AUSTIN, Texas - The February winter storm was one for the books and Austin city officials are now focusing on recovery, including fixing leaks and burst
"This event was unlike any other. According to the National Weather Service, this storm set new records for the lowest temperatures, the highest numbers of hours below freezing, and record snowfall levels. Our state power grid was minutes away from a statewide blackout," said Austin City Manager Spencer Cronk.
"Austin remained below freezing for more than 164 consecutive hours, breaking the record by nearly two days for the longest freeze event in the area," said Juan Ortiz, director of the Office of Homeland Security and Emergency Management.
Officials revisited what exactly happened. Blackouts lasting for days resulted in failure at Ullrich, Austin's biggest water treatment plant.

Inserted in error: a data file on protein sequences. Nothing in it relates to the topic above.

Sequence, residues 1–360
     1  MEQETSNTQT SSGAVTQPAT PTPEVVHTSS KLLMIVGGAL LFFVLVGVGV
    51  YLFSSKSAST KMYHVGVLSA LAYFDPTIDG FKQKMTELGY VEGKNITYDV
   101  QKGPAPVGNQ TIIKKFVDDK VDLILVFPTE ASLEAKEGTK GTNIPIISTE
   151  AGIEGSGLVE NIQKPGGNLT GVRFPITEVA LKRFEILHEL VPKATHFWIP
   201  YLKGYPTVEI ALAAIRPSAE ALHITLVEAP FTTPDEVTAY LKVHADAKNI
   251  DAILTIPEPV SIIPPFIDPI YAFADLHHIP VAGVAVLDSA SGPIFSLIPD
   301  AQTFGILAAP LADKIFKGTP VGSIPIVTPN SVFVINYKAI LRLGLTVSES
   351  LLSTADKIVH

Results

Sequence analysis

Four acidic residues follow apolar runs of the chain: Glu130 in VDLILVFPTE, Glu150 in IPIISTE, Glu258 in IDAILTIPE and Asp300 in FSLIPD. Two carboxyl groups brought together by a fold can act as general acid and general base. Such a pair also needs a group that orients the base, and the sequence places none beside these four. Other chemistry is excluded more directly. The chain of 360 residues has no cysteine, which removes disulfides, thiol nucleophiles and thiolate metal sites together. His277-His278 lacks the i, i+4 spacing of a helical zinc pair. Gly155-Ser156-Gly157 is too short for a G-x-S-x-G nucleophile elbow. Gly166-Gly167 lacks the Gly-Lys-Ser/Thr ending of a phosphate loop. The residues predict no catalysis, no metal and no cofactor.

"The first five days, things were operating pretty well, our biggest concern was actually wastewater. On Tuesday night into Wednesday is when we started to see water issues. Water use was exploding," said Greg Meszaros, director of Austin Water, who highlighted that the use was due to leaks and burst pipes.
That led to a boil water notice and left thousands in the city without water for days as crews worked to repair the leaks and burst pipes. Those efforts continue even now, mostly at apartment complexes.
"The number of leaks and burst pipes that fell apart during this extended freeze is just incredible," said Meszaros.
Thursday, the council voted to waive all residential permit and development fees for home repairs. They also extended the disaster declaration. In addition, they approved a resolution to take a look at how this may impact customer utility bills.
"As someone whose family grew up paycheck to paycheck and knowing other families are struggling and had to take time off, I really appreciate this being on our agenda today," said Mackenzie Kelly, councilmember for District 6.
Austin Water said there are hundreds of burst pipes still being fixed, proving just how long the full recovery for this crisis may take.